The curse of Prescott’s Keystone Saloon

Courtesy of Brad Courtney


(I’m especially fond of this story since I played Ellen Dunn at the Ghost Walk – M)






If any early Prescott saloon was cursed, it was Cortez Street’s Keystone Saloon. It was possibly sited where Lyzzard’s Lounge is today.

Ellen Dunn’s two husbands, Gotlieb Urfer and John McCarron, both of whom died by their own hands, are buried side by side in the Citizen’s Cemetery, shown at right.

Its first proprietor, Gotlieb Urfer, came to America from Switzerland sometime before the Civil War. He arrived in Prescott in 1874, opened a lodging house on Cortez in 1877, and eventually added a saloon, naming it the Keystone Saloon and Lodging House. He married Ellen Dunn of Ireland in 1878.

On Wednesday, Dec. 16, 1885—one day before his 50th birthday—Urfer was found lying senseless on the floor behind the Keystone bar, bleeding profusely from a bullet wound to his head. A lodger had sprinted into the saloon after hearing a gunshot and saw Urfer with “a great ghastly hole in the right side of his head, from which his brains and blood were oozing.” Several others who’d been nearby also ran in. They saw the bleeding Urfer and “near his right hand, lay a pistol of the bull-dog pattern.” All concluded this was suicide.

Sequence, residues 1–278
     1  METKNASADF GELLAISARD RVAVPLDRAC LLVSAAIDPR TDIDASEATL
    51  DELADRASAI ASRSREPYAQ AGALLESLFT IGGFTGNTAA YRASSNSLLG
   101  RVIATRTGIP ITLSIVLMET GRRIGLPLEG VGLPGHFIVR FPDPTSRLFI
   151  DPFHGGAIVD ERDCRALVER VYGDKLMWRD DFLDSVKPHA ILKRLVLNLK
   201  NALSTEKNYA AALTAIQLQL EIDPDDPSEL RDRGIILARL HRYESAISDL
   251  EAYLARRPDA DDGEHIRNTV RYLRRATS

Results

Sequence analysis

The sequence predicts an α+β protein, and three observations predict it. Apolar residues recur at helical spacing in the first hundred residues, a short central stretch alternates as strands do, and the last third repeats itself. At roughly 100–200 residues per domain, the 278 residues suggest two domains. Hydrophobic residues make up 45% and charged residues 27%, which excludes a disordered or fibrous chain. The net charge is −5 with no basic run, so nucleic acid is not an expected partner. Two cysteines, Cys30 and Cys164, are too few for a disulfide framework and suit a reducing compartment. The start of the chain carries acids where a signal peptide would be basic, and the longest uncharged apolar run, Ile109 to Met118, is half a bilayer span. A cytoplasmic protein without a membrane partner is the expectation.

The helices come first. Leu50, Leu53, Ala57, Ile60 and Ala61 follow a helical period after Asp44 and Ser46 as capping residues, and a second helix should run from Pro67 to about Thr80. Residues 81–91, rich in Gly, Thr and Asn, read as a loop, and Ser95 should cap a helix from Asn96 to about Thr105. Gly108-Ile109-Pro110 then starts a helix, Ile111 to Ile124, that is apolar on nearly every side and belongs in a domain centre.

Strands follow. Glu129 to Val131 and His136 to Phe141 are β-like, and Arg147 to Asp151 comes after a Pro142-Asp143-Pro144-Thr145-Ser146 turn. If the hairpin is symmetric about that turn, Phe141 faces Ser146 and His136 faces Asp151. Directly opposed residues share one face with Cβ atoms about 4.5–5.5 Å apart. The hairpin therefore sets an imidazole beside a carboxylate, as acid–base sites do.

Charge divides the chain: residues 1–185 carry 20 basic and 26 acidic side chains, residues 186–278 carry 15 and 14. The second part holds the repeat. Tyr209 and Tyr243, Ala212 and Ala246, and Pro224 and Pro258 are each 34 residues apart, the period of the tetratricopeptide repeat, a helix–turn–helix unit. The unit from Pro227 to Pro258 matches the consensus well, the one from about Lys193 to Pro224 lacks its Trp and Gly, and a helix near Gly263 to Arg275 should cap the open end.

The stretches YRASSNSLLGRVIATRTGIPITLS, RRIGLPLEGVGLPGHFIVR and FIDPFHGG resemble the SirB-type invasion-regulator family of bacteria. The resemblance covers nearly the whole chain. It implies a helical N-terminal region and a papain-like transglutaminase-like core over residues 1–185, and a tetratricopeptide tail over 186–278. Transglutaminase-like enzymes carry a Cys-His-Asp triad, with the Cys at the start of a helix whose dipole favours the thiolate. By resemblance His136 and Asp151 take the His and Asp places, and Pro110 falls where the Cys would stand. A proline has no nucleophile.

Urfer’s death was a mysterious, scratch-your-head-and-wonder incident. Why would he kill himself? Urfer had been enthusiastically preparing for a grand celebration to be held in the Keystone. A few days before his death a newspaper announcement appeared: “Gotlieb Urfer, the genial host of a saloon, will celebrate his fiftieth birthday on Thursday, December 17th, and feels so jolly that he wants all his friends to call and partake of a lunch which he will spread.”

On Dec. 16, moments before the fatal shot was heard, he’d been preparing for the next day’s feast. Mrs. Urfer had stepped out a short time ago. With him was George Hook, who Urfer asked to run out to buy some eggs. Less than five minutes later, Urfer was lying on the floor of the Keystone in a pool of his own blood.

Not long after Urfer’s suicide, an unidentified lodger made the same choice but used a different method: suicide by swallowing poison.